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Philadelphia, March 3, 2015 -- Physicians looking for an
effective commercial weight-loss program for their overweight and
obese patients may want to recommend Weight Watchers or Jenny
Craig. According to an updated evidence review of 11 commercial
weight-loss programs, only Weight Watchers and Jenny Craig showed
evidence for effective long-term weight loss. The review
is published in Annals of Internal Medicine.
More than one-third of U.S. adults are obese. The U.S.
Preventive Services Task Force (USPSTF) recommends that clinicians
screen all adults for obesity and offer or refer overweight or
obese patients to intensive, multi-component behavioral
interventions for weight loss. Several commercial weight loss
programs meet the recommended criteria, but their efficacy is
Researchers reviewed published research to compare weight loss,
adherence, and harms of 11 commercial or proprietary weight loss
programs. All of the programs studied emphasized nutrition and
behavioral counseling or social support components with or without
physical activity. Of those, Weight Watchers, Jenny Craig,
Nutrisystem, Health Management Resources, Medifast, OPTIFAST,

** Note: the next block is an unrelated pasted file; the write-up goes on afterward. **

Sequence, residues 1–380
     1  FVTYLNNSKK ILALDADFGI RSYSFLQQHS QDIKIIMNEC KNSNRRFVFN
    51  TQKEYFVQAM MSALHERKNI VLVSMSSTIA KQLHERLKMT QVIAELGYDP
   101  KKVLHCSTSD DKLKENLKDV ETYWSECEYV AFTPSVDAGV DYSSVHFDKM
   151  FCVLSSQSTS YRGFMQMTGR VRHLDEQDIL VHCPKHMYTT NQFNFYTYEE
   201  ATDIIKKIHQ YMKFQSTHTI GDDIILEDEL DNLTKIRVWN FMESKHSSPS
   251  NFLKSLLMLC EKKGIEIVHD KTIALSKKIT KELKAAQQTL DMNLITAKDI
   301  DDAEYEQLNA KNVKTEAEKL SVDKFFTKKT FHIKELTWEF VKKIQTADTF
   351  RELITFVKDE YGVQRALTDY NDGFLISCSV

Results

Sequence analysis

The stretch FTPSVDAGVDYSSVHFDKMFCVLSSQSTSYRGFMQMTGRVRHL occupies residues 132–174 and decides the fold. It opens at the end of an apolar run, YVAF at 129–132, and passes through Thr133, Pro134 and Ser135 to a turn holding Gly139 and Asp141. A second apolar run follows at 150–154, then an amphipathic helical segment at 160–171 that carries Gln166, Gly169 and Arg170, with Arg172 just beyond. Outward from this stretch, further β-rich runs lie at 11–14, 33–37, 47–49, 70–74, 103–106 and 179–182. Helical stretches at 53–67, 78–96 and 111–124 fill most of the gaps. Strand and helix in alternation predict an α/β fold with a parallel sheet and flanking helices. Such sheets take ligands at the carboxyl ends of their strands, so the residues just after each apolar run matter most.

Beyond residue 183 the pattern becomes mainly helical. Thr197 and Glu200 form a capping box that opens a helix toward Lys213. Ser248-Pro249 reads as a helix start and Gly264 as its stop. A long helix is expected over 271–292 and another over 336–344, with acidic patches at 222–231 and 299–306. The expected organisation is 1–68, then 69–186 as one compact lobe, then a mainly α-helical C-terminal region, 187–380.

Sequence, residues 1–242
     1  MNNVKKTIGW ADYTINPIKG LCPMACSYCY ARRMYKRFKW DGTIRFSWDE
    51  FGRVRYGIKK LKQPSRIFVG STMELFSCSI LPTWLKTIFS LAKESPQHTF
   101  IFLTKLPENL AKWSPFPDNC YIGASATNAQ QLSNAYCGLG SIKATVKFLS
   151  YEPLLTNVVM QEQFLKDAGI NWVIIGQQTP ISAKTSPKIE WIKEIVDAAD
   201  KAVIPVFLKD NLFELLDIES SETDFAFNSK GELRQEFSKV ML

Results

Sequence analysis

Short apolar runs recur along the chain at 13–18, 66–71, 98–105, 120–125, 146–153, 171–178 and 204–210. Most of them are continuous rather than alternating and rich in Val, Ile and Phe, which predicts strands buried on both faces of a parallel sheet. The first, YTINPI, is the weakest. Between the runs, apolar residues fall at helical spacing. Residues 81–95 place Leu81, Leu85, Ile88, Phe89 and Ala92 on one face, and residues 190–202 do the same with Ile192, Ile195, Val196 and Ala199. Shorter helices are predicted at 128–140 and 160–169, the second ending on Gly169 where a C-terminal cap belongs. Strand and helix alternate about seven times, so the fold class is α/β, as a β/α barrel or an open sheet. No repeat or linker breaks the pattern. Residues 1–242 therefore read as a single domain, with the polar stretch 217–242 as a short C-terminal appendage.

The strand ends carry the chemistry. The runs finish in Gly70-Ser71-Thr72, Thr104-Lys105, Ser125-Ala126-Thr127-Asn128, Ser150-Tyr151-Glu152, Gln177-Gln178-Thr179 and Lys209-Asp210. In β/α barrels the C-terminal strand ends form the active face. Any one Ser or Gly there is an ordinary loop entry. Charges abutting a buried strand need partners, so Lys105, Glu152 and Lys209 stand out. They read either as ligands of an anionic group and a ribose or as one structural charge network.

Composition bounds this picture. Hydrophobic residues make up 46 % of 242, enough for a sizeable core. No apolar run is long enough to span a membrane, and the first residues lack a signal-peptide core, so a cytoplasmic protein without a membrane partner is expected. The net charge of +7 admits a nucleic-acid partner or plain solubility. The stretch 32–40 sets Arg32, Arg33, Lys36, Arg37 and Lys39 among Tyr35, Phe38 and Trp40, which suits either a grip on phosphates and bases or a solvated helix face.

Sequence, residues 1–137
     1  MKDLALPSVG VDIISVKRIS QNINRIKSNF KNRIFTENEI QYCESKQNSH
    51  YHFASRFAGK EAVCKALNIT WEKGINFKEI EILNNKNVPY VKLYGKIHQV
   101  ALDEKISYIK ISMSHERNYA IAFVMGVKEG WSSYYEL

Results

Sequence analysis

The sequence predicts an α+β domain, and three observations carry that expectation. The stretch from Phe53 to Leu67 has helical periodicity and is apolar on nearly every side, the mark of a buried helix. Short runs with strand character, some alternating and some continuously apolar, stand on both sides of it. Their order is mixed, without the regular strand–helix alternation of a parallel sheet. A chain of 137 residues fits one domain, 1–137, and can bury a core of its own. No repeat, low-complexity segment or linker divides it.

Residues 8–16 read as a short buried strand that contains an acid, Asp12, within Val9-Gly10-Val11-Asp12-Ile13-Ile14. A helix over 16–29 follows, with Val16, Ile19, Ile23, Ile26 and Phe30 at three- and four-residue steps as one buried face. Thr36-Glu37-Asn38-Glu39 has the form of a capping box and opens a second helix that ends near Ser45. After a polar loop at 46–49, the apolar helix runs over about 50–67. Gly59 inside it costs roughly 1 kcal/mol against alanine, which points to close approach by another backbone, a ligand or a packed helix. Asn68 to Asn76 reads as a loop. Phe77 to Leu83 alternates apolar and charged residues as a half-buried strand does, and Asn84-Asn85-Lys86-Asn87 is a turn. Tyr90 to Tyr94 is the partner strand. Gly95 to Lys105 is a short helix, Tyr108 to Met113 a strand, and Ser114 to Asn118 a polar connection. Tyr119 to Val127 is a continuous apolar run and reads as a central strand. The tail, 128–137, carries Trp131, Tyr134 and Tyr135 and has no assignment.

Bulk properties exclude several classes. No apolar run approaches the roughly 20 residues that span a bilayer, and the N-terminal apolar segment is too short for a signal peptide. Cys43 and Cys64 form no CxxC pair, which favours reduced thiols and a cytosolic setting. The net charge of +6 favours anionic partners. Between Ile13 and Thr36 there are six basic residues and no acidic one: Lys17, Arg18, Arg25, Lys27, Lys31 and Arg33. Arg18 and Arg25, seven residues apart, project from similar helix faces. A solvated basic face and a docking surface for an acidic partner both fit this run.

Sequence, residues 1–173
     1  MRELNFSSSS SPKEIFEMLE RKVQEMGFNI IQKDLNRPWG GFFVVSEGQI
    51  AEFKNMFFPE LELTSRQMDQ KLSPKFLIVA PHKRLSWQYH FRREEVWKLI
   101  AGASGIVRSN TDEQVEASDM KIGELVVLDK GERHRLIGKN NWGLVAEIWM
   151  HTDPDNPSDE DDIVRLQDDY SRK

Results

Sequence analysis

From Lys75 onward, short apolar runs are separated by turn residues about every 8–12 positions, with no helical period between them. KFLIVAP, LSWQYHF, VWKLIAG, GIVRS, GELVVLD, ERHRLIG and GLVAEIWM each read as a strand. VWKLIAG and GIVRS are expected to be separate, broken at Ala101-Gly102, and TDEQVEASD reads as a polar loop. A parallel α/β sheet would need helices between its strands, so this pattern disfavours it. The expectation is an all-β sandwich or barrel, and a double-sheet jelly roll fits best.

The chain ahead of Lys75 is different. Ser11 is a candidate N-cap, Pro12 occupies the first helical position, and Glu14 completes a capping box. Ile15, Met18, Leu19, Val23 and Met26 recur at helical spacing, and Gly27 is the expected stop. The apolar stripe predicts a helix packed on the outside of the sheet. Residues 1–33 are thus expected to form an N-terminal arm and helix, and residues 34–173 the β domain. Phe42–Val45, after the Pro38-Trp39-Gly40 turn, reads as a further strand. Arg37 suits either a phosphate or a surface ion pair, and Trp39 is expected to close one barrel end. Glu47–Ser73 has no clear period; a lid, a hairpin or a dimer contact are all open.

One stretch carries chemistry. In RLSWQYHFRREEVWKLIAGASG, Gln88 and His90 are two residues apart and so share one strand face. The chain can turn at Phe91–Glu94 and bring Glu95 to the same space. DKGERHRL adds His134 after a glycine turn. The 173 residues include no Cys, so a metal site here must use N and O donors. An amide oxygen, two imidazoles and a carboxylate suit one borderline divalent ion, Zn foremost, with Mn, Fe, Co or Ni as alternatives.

Atkins, The Biggest Loser Club, eDiets, Lose It!, and SlimFast had
trials that met inclusion criteria.
The researchers found that only Jenny Craig and Weight Watchers
showed evidence that they helped people lose weight and then keep
it off for twelve months or more. Other popular programs, such as
NutriSystem, showed promising weight-loss results in the
short-term, but additional research is needed to determine
The author of an accompanying editorial is not surprised that
highly structured programs with in-person social support, such as
Weight Watchers and Jenny Craig, seem more effective but cautions
that weight loss with such programs is modest and likely below
patients' expectations. These unrealistic expectations may affect
patients' willingness to adhere to any program.
About Annals of Internal MedicineAnnals of Internal
Medicine is one of the most widely cited peer-reviewed
medical journals in the world. The journal has been published for
88 years and accepts only about 7 percent of the original research
studies submitted for publication. Annals of Internal
Medicine has a 2013 impact
factor of 16.104, ranking it fifth out of 150 journals in the
category "Medicine, General & Internal." The journal is
published by the American College of Physicians (ACP). Follow
Annals on Twitter and Facebook.
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